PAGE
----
Western Sahara’s Holy Libraries In Danger of Desertification, UNESCO Steps In

Chinguetti, located in the disputed Western Sahara territory, houses 5 holy libraries and 1,300 Quranic manuscripts. Due to the arid climate and a decline of tourism, this is all that remains out of 30 family-owned, once public libraries.

Considered the seventh most Islamic holy city, Chinguetti was previously a highly visited Mauritanian city. It was historically relevant for being a central stop along the caravan trade route (777CE) and a favorite destination of pilgrims who wanted to read books in the fields of astronomy, religion, science, and law. The decline of tourism can be traced back to the drought of the 1950s; the difficult weather conditions decreased interest in travel.

Although the local government tried to assist and “take over” the situation to save the books, library owners do not want to hand over their heritage.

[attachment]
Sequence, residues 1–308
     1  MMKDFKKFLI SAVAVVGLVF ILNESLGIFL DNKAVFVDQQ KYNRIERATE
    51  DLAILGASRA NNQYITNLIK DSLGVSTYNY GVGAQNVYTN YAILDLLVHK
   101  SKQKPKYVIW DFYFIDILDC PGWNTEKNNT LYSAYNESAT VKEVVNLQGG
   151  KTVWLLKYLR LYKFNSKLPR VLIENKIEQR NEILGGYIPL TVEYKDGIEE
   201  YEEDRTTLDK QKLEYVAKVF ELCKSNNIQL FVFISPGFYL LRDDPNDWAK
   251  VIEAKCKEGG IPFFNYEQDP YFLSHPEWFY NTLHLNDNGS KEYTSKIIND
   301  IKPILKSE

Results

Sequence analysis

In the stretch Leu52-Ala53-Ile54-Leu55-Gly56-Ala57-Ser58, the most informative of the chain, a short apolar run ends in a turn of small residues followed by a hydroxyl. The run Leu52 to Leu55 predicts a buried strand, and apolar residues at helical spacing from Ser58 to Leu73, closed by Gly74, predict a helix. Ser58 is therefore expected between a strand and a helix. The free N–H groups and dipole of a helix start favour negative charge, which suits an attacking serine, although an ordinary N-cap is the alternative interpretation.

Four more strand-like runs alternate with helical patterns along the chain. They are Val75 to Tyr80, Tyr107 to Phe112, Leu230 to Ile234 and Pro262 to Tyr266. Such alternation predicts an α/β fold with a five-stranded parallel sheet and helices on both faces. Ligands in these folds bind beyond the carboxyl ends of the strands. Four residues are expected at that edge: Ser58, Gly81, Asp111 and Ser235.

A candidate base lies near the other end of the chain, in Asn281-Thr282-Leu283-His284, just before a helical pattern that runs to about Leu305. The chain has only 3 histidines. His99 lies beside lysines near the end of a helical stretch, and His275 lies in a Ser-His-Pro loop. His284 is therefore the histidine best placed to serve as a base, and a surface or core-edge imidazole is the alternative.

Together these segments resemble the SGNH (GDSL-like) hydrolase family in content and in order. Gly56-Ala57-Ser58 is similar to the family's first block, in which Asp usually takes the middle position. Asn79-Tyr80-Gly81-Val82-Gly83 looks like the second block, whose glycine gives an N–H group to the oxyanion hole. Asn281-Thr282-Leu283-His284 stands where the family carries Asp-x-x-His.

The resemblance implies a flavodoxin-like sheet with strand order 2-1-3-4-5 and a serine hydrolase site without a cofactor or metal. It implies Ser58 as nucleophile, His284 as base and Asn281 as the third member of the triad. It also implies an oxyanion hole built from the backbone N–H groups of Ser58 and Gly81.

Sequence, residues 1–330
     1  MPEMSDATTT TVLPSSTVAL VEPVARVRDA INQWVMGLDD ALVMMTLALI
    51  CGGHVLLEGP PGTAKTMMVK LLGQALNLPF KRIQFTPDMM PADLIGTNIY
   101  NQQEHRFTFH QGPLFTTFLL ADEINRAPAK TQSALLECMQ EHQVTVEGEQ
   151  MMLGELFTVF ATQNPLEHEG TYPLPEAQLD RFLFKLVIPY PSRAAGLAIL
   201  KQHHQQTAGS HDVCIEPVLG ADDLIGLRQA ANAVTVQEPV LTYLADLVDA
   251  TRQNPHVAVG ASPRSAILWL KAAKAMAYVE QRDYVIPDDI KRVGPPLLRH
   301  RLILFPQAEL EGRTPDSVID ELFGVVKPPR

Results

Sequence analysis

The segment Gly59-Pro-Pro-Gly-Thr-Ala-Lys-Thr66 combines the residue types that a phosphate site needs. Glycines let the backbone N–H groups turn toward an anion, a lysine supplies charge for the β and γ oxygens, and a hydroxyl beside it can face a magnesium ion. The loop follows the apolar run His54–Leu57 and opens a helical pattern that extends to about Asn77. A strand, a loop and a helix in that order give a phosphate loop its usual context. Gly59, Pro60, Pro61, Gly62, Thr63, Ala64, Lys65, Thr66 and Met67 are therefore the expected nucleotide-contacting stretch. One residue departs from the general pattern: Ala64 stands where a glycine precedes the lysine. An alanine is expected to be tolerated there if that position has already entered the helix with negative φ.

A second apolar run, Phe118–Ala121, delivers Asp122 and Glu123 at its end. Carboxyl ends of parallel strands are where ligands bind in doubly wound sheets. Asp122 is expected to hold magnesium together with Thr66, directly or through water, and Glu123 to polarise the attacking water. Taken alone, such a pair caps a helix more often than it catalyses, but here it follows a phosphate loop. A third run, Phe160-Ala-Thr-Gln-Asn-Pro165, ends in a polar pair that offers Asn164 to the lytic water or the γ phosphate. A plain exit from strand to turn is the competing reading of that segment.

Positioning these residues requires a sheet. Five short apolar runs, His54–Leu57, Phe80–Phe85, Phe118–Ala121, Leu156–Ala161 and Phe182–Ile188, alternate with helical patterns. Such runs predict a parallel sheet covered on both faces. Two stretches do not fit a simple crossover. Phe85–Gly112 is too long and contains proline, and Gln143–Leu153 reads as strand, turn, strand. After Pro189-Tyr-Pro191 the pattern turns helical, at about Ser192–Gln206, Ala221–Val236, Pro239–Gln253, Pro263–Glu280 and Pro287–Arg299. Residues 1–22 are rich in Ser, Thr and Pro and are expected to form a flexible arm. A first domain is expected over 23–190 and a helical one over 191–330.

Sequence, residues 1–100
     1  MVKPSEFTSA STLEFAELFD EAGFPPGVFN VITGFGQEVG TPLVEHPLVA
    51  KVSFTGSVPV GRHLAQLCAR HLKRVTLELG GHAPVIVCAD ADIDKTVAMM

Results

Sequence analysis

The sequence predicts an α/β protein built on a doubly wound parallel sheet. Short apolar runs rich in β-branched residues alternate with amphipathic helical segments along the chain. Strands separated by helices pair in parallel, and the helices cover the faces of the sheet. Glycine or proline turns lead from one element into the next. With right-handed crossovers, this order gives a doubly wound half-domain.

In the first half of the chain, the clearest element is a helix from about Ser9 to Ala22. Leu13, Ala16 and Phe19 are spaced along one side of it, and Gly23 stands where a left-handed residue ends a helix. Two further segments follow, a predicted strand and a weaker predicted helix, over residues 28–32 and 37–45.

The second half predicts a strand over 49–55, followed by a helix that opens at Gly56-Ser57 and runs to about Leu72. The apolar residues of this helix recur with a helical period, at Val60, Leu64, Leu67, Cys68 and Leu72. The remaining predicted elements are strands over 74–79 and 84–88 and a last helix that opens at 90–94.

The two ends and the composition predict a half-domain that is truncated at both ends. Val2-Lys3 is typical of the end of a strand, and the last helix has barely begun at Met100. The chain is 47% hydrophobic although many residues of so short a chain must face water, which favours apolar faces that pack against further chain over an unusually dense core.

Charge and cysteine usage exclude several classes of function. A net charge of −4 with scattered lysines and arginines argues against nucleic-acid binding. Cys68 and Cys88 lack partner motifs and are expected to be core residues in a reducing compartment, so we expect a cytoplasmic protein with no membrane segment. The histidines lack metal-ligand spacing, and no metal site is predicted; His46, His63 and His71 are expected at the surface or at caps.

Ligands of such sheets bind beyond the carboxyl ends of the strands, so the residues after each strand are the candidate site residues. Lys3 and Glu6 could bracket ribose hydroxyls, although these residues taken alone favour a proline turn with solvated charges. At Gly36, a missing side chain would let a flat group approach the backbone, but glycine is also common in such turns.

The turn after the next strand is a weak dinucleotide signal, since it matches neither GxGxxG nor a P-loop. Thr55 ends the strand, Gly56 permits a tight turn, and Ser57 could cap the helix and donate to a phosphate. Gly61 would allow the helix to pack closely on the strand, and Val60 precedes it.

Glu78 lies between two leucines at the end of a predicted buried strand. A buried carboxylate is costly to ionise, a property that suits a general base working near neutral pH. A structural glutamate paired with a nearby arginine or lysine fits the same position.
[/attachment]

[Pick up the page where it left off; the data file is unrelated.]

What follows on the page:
UNESCO certified the Chinguetti area a World Heritage Site in 1996. Inspired by the Berber village’s desert architecture and history, it has slowly brought a renewed interest in the city.

Travelers to Morocco enjoying the Merzouga or Cherub Ebbi sand dunes can extend their desert trip by visiting Chinguetti. In order to enter, the US and European citizens need a visa. The US Embassy in Rabat can help issue a 24-hour visa. Access to Mauritania is possible via flights from Casablanca or by car across the Western Sahara border into Mauritania.

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